I suppose the whole downloading music issue is a double edged sword. You want people to be excited about you and want them to hear you; but at the same time you want them to buy your album, not just listen to it or burn it. But there is nothing you can do about it so you might as well look at the positive side of it. I bet half the people who have already heard the album will still go buy it and if not well, maybe some of those people have never heard us before and will come to a show. It certainly doesn’t make me mad though. That is just the way things are now. These band who go around trying to stop it just look silly. I mean Lars of Metallica complaining about how downloading music takes money out of his pocket. Boo-hoo.
What kind of exposure are you getting in the States? Where are you guys actually from? Do you sell enough to quit the day jobs? If not, how is life treating you in such a respect? Was the desire to follow music just too great, and are you happy with the way things are turning out for the band?
We met in Boston and were a band there for 6 years but now most of us have lived in L.A for the last year. Our exposure in the States is about the same as it is anywhere else although we seem to get our biggest response from the U.K. Magazines like Rock Sound and Terrorizor have been very good to us and that has helped us a lot over there. They are genuine fans of the band where as U.S magazines feel a lot less personal like they are just doing an interview or an article about you because you have a new album out. That’s not to say we are ignored here, it’s just different. As far as record sales go I couldn’t give you an exact number but we do O.K. Most of us work day jobs although some of us choose not to. We are definitely not “living the life”, so to speak. It would be great to make a decent living out of playing music but that has never been our intention. When this band started the idea of making a living out of playing independent/heavy music, it was laughable. We just wanted to play music and hopefully earn the respect of our peers and people we admire. We have done that and then some so yes, I am very happy with the way things have turned out for the band.
Personally, I´m incredibly hyped about the follow-up to “Oceanic”. It took me a while to get used to the sound of that album, and I found it tough to appreciate the atmosphere you fellas were trying to achieve on it. Of course, once everything clicked, I was very impressed. I´m guessing that your friends and families were too, as they saw it fit to re-release it as a bunch of remixes. What do you think of their efforts? Is it really a worthwile, fresh spin on “Oceanic”? Honestly, do you reckon they knew what they were doing? You can be honest, y´know; even though you love ´em and stuff.
Your first reaction to “Oceanic” was a common one it seems. I remember after we sent it out to our friends most people said it took them some time to get into. But I like that. It seems like all of my favorite records took time for me to warm up to. But like I said earlier “Oceanic” was a departure for us. As for the remixes I think everyone involved with the album did a tremendous job. We wanted it to be more of a reinterpretation of what we have already done, not just a few changes to our songs. That’s why we chose who we chose because we know those involved would give us that.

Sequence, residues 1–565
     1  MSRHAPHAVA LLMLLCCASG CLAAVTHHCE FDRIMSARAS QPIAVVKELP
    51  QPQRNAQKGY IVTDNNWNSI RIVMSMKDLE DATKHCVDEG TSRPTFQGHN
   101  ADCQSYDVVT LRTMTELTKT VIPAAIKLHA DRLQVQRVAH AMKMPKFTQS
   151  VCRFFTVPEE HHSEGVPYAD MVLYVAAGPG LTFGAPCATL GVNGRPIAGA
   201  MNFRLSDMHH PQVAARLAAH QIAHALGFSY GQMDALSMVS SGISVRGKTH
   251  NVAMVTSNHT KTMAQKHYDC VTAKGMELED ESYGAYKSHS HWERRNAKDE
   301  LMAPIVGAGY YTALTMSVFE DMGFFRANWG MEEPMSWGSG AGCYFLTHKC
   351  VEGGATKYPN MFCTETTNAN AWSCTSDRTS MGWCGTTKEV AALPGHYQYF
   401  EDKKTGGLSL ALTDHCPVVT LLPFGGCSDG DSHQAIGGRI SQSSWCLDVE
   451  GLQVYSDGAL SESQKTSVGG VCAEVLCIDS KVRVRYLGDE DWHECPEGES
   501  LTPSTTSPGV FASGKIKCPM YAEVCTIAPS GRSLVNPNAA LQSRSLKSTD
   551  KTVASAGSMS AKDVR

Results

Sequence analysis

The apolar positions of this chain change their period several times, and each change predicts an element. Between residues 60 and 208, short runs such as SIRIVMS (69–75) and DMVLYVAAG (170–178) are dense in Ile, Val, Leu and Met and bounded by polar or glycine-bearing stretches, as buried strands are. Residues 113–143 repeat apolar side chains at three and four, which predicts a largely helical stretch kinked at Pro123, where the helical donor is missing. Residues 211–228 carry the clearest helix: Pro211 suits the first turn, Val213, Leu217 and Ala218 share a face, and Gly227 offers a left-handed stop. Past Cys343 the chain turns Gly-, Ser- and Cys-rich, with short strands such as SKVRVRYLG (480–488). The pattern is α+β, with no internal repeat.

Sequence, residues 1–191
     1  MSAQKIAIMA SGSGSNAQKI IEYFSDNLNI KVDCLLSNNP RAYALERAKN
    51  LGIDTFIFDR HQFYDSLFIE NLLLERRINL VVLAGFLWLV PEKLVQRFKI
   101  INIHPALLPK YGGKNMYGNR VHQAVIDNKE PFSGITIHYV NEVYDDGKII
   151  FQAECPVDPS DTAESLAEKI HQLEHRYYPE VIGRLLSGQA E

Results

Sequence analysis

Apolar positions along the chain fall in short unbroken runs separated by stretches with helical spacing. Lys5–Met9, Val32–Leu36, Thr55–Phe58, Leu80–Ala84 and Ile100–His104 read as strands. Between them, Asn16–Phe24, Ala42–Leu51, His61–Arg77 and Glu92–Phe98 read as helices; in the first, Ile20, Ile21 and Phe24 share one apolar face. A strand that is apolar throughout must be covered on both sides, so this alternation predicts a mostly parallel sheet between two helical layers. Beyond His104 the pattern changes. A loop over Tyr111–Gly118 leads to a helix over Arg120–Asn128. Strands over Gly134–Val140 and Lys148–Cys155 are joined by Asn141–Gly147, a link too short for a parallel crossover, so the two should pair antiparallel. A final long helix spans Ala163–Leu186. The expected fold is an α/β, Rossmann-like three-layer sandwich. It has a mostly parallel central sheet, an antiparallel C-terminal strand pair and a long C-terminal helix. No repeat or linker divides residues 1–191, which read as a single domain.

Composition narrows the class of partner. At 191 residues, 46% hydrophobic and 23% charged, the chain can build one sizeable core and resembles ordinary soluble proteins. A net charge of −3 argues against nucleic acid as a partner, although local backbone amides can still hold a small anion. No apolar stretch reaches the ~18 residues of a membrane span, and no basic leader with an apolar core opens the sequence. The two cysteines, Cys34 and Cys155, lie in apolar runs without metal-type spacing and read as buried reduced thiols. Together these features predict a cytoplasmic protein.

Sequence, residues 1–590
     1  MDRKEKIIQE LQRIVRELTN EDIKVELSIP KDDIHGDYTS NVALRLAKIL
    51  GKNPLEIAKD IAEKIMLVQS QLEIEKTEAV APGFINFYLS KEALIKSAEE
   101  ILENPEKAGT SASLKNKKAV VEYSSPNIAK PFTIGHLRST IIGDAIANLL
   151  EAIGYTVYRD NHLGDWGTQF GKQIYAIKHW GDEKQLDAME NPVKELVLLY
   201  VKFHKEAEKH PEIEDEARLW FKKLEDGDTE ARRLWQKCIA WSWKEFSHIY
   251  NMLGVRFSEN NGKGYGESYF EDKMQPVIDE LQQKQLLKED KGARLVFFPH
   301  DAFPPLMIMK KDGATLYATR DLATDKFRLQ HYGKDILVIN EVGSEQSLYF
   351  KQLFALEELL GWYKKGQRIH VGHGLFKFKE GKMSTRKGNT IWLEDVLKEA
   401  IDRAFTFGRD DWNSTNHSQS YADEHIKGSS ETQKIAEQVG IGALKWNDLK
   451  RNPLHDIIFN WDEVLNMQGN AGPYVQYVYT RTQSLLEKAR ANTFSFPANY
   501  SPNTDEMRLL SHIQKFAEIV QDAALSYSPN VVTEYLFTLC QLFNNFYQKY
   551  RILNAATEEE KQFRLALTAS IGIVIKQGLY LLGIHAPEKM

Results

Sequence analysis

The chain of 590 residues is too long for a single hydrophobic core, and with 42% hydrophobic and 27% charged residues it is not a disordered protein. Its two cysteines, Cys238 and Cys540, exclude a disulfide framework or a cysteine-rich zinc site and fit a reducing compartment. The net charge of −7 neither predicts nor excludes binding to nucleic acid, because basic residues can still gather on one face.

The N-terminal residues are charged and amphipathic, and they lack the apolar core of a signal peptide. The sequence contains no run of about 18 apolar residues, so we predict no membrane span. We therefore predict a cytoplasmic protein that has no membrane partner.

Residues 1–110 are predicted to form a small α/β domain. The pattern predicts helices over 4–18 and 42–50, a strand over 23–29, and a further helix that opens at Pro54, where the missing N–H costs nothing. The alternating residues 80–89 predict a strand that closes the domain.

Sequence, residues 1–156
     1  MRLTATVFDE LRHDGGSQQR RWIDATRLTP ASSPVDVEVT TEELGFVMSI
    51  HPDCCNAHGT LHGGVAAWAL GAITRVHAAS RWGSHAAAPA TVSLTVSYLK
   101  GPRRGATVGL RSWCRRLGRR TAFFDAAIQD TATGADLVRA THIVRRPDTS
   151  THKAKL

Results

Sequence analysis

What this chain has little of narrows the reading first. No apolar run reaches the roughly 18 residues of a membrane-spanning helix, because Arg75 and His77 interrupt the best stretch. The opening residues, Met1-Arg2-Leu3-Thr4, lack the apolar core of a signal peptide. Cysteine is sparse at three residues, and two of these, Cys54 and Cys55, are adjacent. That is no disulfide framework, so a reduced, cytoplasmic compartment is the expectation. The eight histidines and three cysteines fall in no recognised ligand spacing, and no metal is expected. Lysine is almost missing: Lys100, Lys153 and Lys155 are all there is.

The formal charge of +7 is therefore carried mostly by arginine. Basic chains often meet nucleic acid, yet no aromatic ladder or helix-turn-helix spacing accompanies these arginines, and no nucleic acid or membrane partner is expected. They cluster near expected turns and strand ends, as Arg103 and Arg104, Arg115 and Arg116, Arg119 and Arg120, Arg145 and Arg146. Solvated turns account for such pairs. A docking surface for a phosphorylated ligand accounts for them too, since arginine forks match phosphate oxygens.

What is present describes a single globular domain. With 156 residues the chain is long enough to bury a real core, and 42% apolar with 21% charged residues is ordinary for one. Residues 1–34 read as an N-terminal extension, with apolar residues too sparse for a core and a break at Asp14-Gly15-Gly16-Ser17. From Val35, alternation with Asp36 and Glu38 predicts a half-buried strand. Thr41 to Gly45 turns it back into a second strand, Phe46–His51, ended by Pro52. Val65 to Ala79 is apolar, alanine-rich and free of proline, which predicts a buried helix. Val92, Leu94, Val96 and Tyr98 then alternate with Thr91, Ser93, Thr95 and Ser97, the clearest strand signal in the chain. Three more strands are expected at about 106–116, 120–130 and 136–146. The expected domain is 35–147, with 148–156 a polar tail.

So what are your plans after the album is released? Do you guys plan on touring? When you choose to do so, do you tend to stick to small venues? I don´t really picture you fellas trying to encourage mosh-pits and crowd surfing. So how do you find the fans that come to your shows, presuming that you play in compact spaces and generally attempt to replicate the atmosphere you achieve so well on your albums for a live setting?
After this album is released we are heading out on our first U.S. tour in over 2 years. That starts on November 10th. After that it is off to Japan, Australia and then Europe. When that is all over we will probably do the States again, but opening for someone else. We do play medium sized clubs, and no we don’t encourage moshing or anything like that. That’s not to say it doesn’t happen. Once in a while we will get some over zealous fan who will start running into people, much to the dismay of everyone around him. We get a wide variety of responses from our crowds. Some just stand their looking at us, some kind of dance in there own little space while others freak out. It really all depends on where we are playing. People seem to be generally respectful except for those people who insist on standing up front or by the stage and talk (loudly) to their friends while we play.
Do you already know the bands you are going to be touring with? If not, do you have any preferences? Is it your choice, or the label´s? Or do you try to coax your label into choosing someone in particular?